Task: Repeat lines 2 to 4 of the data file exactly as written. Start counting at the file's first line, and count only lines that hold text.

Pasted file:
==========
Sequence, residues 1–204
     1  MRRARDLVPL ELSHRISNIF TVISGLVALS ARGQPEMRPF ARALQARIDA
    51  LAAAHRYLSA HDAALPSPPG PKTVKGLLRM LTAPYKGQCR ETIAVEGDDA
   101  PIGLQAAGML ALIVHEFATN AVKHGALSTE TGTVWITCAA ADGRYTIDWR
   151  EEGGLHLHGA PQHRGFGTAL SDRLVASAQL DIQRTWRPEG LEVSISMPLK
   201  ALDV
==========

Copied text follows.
     1  MRRARDLVPL ELSHRISNIF TVISGLVALS ARGQPEMRPF ARALQARIDA
    51  LAAAHRYLSA HDAALPSPPG PKTVKGLLRM LTAPYKGQCR ETIAVEGDDA
   101  PIGLQAAGML ALIVHEFATN AVKHGALSTE TGTVWITCAA ADGRYTIDWR